Re: I think not
"And what's the effect of IR35 on the cost of the deliverables?"
For one contractors are, with a few exceptions in the secure sector, never a significant proportion of the cost of delivery. If they are then CabO get very, very annoyed because of the delivery risk of having so many freelancers who can fuck off at a moment's notice without penalty.
Second, this has manifested in most departments as a changing of hats. Three scenarios dominate:
1) Nothing has happened. This is most common and typical of the big departments. Contractors were indirectly acquired as subs through one of the big SIs as part of a delivery or framework contract (i.e. not T&M). This isolated the department from the new compliance rules so nothing changed for the department or ultimate contractor.
2) The contractors have shifted to move under a framework agreement or have changed their terms to be delivery-centric. You're only at risk of IR35 if you're working on indefinite T&M terms. Redefine your contracts to align to project deliverables, and audit your compliance with the terms and the IR35 compliance requirement is satisfied.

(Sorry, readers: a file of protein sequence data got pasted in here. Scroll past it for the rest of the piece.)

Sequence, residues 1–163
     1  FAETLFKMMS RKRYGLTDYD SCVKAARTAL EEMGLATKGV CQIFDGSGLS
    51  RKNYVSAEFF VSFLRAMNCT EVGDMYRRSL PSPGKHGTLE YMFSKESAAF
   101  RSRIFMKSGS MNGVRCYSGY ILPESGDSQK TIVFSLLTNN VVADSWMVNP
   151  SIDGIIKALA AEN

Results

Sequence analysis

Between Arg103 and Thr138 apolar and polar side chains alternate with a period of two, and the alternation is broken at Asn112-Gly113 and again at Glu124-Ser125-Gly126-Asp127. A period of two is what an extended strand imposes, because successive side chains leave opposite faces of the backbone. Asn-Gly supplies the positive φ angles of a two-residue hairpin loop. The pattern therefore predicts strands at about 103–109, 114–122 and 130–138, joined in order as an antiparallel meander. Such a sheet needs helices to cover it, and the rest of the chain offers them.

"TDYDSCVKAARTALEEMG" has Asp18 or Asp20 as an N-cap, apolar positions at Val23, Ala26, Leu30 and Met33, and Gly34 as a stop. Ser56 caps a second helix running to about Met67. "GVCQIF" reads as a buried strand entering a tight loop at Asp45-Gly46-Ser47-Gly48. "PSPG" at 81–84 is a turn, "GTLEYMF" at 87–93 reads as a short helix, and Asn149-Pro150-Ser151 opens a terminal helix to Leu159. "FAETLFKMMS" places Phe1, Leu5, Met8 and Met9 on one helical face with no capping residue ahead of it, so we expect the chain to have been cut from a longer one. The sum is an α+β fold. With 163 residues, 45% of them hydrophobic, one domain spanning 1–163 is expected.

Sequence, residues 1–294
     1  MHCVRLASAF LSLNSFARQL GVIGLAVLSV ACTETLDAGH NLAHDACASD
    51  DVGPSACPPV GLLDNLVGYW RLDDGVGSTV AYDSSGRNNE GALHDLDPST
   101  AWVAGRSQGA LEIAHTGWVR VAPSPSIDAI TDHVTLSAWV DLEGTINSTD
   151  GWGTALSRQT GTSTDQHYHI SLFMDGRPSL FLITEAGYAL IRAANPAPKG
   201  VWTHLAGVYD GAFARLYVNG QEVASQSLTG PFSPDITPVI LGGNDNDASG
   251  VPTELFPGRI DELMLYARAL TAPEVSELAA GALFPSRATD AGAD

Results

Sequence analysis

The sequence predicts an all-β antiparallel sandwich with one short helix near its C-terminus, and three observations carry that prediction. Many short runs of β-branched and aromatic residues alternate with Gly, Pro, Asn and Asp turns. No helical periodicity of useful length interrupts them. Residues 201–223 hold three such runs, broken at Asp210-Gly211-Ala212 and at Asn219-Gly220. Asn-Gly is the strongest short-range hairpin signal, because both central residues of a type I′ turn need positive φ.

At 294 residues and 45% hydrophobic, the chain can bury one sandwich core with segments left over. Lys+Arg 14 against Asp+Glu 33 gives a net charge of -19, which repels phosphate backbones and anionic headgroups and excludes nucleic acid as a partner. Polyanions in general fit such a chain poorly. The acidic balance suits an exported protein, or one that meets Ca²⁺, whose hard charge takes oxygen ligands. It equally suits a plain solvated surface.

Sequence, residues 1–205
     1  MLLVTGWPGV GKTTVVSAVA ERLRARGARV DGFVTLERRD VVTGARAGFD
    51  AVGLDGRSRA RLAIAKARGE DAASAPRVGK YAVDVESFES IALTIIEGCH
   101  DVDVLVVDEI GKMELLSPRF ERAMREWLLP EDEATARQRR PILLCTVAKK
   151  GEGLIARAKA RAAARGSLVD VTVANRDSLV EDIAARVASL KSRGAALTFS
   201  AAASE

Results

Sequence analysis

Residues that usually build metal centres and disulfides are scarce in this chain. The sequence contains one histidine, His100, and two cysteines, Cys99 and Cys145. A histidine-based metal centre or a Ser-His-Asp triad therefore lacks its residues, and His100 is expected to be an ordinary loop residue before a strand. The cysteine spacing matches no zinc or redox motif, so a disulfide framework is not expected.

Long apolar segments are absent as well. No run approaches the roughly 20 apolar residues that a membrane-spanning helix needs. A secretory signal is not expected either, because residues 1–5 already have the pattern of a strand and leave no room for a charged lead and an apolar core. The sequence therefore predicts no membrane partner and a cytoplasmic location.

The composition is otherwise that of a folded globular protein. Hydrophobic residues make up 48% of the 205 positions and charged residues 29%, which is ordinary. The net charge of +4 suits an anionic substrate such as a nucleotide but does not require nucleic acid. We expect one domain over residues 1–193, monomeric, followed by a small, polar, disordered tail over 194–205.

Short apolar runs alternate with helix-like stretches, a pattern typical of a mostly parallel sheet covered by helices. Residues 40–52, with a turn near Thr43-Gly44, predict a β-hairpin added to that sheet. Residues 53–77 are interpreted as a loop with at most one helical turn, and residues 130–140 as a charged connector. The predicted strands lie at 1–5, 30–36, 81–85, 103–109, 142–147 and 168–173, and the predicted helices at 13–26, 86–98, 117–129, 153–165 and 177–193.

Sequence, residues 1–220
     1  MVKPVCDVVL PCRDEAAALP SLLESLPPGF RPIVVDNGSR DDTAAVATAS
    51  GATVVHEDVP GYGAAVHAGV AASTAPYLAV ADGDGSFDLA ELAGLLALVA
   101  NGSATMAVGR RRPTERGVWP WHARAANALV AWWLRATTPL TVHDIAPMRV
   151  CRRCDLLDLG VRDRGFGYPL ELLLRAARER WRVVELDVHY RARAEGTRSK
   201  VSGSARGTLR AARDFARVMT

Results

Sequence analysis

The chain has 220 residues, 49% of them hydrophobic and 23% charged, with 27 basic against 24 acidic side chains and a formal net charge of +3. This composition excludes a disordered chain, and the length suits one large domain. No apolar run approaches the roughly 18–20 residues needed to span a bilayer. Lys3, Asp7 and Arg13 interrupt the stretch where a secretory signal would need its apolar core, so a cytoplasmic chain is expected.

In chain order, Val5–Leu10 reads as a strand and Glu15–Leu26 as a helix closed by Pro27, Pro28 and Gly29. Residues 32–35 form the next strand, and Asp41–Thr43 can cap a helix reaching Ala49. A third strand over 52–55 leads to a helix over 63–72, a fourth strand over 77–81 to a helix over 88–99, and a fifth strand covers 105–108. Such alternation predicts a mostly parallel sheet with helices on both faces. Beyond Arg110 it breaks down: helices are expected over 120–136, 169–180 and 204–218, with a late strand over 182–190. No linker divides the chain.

3) The freelancers who weren't under deliverable terms and didn't want to move under those terms have left and been replaced by those who are more than happy to take their place.
Direct, long-term contracting has been extremely rare in the public sector for over a decade now. There is always an intermediate entity, even if it's only Crapita processing your timesheet. The changes to IR35 compliance rules were, in reality, pretty minor and didn't apply to many people.
Let's look at this in the cold light of day. Cracking down on freelancers is, on balance, probably not a good thing, but this is a "survey" published by a contractor services organisation, quoting a clutch of anonymous, pissed off contractors annoyed by a measure targeting contractors and published on a tabloid website read by those same contractors. Hardly an unbiased report. Back in the real world, IR35-derived resourcing risks don't make it onto any of the Infrastructure and Projects Authority's risk registers, and haven't even been a topic of discussion in the departments I work with.